More residents arrived, prompting a makeover for Mears Park and new places to eat and drink. Union Depot, much of it dark for two generations, reopened in its former glory as a 21st-century transit hub. Light-rail trains began pulling up at 4th and Wacouta.

Now this month Lowertown, the downtown St. Paul warehouse district dubbed one of the nation’s hippest neighborhoods, adds an attraction expected to draw 400,000 visitors annually: CHS Field, the sleek city-owned ballpark anchored by the independent league St. Paul Saints.

Is Lowertown ready? You bet, say residents and merchants alike. Aside from the feared parking crunch.

“We think we’re in for a very fun summer,” said DeAnna Loux, general manager of Barrio.

“It’s going to be awesome, bringing in more sports to downtown,” Lowertown resident Debbie Coleman said.

Still, some worry about side effects. Marla Gamble, a custom jeweler who has lived at the Lowertown Lofts artist co-op for 30 years, said she has three concerns about the new ballpark: residential parking, unblocked noise and cleaning up after events.

“The Saints are great, they’re really friendly and they’ve created a relationship with the St. Paul Art Collective,” a group that represents Lowertown artists, Gamble said. “What we don’t know is what it’s going to be like to have all those people down here.”

‘Business as normal’

It’s taken years for Lowertown to evolve from a quiet artists’ quarter into an urban village worthy of the name. But clearly, that time has arrived.

Since January 2013, 18 percent of the building permits pulled for downtown St. Paul have been in Lowertown, amounting to $118.4 million in construction projects.

The biggest jobs include not just the ballpark ($42.3 million in permits), but remodeling the former main post office into the Custom House apartments ($43.1 million) and the Rayette Lofts ($12.9 million), and renovation of the KTCA-TV studios ($10.4 million).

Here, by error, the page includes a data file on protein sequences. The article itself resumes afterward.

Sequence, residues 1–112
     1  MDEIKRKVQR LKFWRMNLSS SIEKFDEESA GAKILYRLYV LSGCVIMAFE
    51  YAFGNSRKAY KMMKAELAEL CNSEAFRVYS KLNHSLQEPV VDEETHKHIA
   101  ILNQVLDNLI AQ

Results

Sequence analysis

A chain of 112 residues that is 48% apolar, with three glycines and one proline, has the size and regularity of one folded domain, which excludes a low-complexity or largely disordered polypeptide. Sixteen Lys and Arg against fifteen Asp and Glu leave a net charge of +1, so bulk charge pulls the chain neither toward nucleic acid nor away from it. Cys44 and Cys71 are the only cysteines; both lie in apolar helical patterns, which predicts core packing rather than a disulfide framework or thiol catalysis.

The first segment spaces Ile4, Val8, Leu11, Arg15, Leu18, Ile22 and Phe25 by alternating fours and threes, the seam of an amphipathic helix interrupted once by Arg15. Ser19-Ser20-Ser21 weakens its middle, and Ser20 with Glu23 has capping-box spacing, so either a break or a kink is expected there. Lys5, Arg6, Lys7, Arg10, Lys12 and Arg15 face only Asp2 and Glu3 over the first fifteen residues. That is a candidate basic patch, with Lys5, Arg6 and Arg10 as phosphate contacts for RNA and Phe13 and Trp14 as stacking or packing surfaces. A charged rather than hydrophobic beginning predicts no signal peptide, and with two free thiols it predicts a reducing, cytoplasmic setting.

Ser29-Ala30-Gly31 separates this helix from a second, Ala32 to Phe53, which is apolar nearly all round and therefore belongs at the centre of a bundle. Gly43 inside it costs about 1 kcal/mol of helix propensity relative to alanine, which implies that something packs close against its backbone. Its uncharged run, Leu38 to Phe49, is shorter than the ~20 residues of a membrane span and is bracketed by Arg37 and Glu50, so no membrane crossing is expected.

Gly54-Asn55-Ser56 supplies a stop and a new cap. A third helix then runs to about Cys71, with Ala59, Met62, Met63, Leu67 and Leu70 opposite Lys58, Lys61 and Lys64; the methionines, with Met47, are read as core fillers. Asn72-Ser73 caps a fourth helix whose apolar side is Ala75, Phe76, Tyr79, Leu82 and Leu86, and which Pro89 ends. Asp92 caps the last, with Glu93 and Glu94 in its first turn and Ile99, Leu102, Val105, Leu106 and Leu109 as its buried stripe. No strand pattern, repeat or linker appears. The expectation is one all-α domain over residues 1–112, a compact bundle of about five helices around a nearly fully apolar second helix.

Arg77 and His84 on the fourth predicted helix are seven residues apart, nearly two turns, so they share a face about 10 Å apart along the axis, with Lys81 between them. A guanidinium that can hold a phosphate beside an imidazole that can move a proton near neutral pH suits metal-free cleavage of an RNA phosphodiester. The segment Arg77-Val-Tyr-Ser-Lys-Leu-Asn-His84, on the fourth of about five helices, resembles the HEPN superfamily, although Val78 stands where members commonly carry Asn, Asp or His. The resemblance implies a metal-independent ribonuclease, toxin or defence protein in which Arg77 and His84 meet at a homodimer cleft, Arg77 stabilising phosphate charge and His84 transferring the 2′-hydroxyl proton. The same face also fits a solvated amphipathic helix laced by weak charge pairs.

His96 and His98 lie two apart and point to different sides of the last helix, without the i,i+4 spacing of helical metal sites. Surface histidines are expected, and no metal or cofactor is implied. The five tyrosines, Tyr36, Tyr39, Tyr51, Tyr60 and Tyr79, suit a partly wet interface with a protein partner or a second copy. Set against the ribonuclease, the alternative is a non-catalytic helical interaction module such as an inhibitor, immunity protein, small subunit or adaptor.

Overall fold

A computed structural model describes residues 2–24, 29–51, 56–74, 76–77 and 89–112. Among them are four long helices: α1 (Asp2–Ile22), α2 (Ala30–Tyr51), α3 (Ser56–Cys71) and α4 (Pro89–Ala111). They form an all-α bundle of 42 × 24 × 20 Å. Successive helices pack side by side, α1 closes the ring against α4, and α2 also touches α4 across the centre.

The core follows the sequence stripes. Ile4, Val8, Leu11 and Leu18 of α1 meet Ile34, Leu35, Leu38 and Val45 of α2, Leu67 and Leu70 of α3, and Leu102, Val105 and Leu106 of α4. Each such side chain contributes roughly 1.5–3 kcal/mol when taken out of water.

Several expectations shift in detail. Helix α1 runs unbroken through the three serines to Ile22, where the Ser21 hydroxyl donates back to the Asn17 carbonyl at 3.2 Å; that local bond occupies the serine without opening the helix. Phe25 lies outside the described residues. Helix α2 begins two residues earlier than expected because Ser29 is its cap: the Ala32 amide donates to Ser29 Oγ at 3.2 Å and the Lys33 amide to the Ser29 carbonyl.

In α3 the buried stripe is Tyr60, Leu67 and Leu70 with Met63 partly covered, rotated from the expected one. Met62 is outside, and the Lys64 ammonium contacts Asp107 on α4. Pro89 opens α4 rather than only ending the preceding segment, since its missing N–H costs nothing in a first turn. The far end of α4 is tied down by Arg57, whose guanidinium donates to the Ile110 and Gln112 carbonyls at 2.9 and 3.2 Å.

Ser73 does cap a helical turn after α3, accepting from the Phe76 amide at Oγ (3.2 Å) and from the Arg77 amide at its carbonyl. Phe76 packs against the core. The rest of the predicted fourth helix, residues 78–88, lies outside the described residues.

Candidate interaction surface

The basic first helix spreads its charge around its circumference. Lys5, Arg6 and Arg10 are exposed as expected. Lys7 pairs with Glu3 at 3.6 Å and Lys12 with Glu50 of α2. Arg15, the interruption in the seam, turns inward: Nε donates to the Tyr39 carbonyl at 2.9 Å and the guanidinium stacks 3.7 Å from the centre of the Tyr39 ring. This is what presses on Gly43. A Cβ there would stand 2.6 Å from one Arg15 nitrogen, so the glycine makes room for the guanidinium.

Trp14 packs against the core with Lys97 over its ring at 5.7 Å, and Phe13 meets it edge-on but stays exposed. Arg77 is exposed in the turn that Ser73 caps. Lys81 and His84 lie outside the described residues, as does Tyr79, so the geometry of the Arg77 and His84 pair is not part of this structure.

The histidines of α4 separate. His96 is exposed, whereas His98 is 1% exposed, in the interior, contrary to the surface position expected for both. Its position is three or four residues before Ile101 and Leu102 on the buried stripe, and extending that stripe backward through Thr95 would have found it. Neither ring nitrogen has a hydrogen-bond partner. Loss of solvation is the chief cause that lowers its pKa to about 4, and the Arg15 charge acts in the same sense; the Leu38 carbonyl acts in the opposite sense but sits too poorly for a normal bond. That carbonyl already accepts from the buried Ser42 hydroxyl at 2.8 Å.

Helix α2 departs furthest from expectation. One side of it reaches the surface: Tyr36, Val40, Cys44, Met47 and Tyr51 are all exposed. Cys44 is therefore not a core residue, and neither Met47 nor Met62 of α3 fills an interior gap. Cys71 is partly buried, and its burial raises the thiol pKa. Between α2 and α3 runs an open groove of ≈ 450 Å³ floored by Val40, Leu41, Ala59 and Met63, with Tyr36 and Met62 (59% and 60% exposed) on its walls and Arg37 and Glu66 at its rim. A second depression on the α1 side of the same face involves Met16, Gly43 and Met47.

About 160 events — most of them Saints’ and amateur baseball games, but also art shows, GrillFest, the Twin Cities Jazz Festival, the Walker’s Internet Cat Video Festival and the annual summer Beer Dabbler — are scheduled this summer at the new ballpark.

Sgt. Paul Paulos said that police have a comprehensive plan to deal with expected crowds (estimated attendance for the cat video festival: 10,000).

“Will you see more officers? Yes, but we increase or decrease the complement depending on events,” he said. “So I think it’s going to be business as normal.”

Alicia Hinze lives in Lowertown and figured it was ripe for business when she and co-owner Jennifer Lueck opened their popular Buttered Tin bakery and cafe two years ago at 7th and Wacouta. What surprised her was just how ripe.

“We already see a change in the amount of people that are coming down here, just from the train,” she said. “But now that they’re going to have reasons like the ballpark, there’s a ton more restaurants. And the more people think of this area for food, the luckier we are.”

Some growing pains

Before 1978, Lowertown was a windswept corridor of empty warehouses on the edge of downtown. Then-Mayor George Latimer persuaded the McKnight Foundation to provide a $10 million grant to generate investment there, and the Lowertown Redevelopment Corporation (LRC) was created to lead the effort.